Wednesday, April 22, 2009
In Soviet Russia...
When the Katusha cycling team, the biggest, most visible component of the “Russian Global Cycling Project,” became a reality this season, the formula looked familiar. While the team’s stated aim is to develop young talent from the home country, the Russian squad hired a healthy dose of mercenary foreign talent to keep the sponsors’ names in the papers until that young talent was sufficiently developed to provide the results on its own. Sure, the team lured some veteran Russian riders home, giving the team a little more authenticity and providing the youngsters with some native-language support and role-models, but most people expected that the first major results would come from Robbie McEwen racking up some stage wins, or Filippo Pozzato or Gert Steegmans bagging a big cobbled classic.
That’s not an indictment of the team’s methodology. Like I said, it’s a pretty standard format these days, particularly for young teams coming from outside the traditional Western European cycling nations. Think (post-Vino and Kash) Astana with Contador, Armstrong, Leipheimer, Kloden, or Garmin-Slipstream hiring Backstedt, Millar, and Wiggins. It’s also a good business strategy – by bringing in some foreign names with dependable specialties, the teams can secure the wins their sponsors demand without unduly burdening their more developmental riders with winning expectations right out of the gate. With the direction the sport is trying to take with regard to drug use, I’d call that a positive.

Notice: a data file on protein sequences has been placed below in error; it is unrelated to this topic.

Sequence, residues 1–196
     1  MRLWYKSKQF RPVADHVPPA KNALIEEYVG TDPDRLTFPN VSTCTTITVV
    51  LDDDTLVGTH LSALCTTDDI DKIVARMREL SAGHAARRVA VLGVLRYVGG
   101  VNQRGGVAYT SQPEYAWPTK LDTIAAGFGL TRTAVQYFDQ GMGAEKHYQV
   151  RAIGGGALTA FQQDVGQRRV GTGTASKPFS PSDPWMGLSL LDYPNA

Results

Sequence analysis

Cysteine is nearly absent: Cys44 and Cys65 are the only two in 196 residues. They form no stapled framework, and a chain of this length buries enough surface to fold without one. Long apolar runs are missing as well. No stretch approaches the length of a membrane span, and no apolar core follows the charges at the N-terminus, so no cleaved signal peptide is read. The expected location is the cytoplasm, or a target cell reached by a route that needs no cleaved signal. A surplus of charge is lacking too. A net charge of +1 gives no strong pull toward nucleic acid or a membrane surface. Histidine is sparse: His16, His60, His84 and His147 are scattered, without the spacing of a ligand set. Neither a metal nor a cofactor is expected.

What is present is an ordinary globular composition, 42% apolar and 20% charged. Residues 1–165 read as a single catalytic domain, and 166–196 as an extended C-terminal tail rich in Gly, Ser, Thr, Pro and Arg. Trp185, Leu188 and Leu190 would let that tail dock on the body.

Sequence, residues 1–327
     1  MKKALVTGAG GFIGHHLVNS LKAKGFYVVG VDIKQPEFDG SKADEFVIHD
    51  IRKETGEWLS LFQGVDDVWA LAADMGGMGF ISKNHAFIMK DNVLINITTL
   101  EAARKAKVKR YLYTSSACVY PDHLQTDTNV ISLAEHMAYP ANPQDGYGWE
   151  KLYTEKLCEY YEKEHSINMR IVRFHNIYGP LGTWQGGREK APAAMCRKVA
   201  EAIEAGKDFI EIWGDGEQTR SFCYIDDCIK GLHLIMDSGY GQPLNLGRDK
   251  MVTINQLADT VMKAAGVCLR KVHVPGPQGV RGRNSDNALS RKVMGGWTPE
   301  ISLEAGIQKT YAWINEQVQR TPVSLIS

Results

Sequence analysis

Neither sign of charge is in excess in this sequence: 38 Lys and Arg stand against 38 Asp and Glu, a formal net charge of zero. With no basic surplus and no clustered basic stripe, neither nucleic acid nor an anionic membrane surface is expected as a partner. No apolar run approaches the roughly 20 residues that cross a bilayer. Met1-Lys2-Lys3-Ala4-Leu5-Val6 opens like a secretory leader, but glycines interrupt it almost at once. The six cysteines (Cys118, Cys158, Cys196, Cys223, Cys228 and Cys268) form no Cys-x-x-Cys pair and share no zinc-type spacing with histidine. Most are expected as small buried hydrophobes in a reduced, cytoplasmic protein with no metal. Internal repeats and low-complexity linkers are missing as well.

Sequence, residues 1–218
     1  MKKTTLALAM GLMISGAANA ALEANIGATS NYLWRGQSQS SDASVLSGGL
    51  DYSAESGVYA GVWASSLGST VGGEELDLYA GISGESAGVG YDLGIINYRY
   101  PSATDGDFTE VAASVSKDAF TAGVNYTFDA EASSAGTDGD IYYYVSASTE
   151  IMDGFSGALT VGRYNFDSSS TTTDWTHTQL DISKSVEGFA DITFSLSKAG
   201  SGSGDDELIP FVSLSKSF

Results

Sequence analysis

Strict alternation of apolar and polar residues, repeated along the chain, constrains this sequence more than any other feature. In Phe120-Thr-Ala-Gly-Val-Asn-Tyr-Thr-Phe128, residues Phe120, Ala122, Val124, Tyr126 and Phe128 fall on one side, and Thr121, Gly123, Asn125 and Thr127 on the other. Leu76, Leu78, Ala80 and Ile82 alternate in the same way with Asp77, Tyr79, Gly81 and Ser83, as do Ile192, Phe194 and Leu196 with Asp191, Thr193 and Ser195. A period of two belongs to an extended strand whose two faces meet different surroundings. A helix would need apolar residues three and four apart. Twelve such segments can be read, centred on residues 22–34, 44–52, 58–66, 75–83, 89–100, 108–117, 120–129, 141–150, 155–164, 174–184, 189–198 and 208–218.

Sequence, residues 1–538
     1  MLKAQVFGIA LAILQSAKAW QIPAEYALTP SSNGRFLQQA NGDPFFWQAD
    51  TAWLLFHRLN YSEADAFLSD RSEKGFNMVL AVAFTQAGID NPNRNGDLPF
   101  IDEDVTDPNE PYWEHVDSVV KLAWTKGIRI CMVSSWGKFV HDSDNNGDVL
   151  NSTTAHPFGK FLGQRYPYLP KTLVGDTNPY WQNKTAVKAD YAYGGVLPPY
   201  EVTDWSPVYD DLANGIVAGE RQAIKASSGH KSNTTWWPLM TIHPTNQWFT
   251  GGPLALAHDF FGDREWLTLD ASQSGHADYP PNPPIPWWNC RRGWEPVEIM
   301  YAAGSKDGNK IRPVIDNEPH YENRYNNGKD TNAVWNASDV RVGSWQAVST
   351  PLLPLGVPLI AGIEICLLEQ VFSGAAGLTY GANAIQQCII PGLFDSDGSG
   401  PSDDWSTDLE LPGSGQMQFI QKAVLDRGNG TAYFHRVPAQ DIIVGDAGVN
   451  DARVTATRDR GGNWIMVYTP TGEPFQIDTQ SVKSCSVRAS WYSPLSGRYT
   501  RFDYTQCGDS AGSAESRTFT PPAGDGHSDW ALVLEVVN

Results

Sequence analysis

So Katusha set out this season looking for early wins from McEwen and Pozzato, home country interest from perennial Tour hope Vladimir Karpets, and some quality racing miles for its slew of younger riders, like Mikhail Ignatiev and Ivan Rovny. So when veteran Russian hardman Sergei Ivanov outsprinted the younger and much more fancied Karsten Kroon (Saxo Bank) to win the Amstel Gold Race, the team got something even better than it planned – the team’s first big classics win, gift-wrapped and delivered by a native Russian.
For a project that states freely and often its insidiously Cold War-esque mission of returning mother Russia to her “proper place” in the cycling world, it doesn’t get too much better than that. Yes, at just 40-plus years old, the Amstel Gold Race is no monolithic Tour of Flanders, no storied Paris-Roubaix. But for a team with Katusha’s goals, what’s better: your imported Italian playboy winning Flanders, or your Soviet-era, life-long worker Ivanov winning a pretty solid classic? I’d argue for the latter.
- At 34 years old, Ivanov hasn’t been a big winner over his career, and Amstel Gold is certainly his biggest trophy to date. His other wins include the 2000 E3 Prijs, stages in the 2001 Tour de France and Tour de Suisse, and stages of smaller races. He’s also a five-time Russian national champion.